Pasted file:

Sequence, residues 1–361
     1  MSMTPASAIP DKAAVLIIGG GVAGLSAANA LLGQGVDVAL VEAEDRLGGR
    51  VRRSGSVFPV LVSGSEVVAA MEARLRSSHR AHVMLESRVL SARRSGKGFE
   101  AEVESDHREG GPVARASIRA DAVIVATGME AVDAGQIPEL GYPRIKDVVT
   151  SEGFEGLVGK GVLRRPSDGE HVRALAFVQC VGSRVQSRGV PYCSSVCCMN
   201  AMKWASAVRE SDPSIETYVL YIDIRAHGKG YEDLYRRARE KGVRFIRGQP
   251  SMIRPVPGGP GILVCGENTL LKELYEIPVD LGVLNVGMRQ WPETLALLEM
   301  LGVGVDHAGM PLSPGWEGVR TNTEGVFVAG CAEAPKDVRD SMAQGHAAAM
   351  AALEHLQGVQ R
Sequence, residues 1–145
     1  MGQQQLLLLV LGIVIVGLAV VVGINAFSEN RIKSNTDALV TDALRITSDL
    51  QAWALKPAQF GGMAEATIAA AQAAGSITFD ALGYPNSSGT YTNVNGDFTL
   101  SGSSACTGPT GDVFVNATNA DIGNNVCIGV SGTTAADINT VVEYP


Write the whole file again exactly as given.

Sequence, residues 1–361
     1  MSMTPASAIP DKAAVLIIGG GVAGLSAANA LLGQGVDVAL VEAEDRLGGR
    51  VRRSGSVFPV LVSGSEVVAA MEARLRSSHR AHVMLESRVL SARRSGKGFE
   101  AEVESDHREG GPVARASIRA DAVIVATGME AVDAGQIPEL GYPRIKDVVT
   151  SEGFEGLVGK GVLRRPSDGE HVRALAFVQC VGSRVQSRGV PYCSSVCCMN
   201  AMKWASAVRE SDPSIETYVL YIDIRAHGKG YEDLYRRARE KGVRFIRGQP
   251  SMIRPVPGGP GILVCGENTL LKELYEIPVD LGVLNVGMRQ WPETLALLEM
   301  LGVGVDHAGM PLSPGWEGVR TNTEGVFVAG CAEAPKDVRD SMAQGHAAAM
   351  AALEHLQGVQ R
Sequence, residues 1–145
     1  MGQQQLLLLV LGIVIVGLAV VVGINAFSEN RIKSNTDALV TDALRITSDL
    51  QAWALKPAQF GGMAEATIAA AQAAGSITFD ALGYPNSSGT YTNVNGDFTL
   101  SGSSACTGPT GDVFVNATNA DIGNNVCIGV SGTTAADINT VVEYP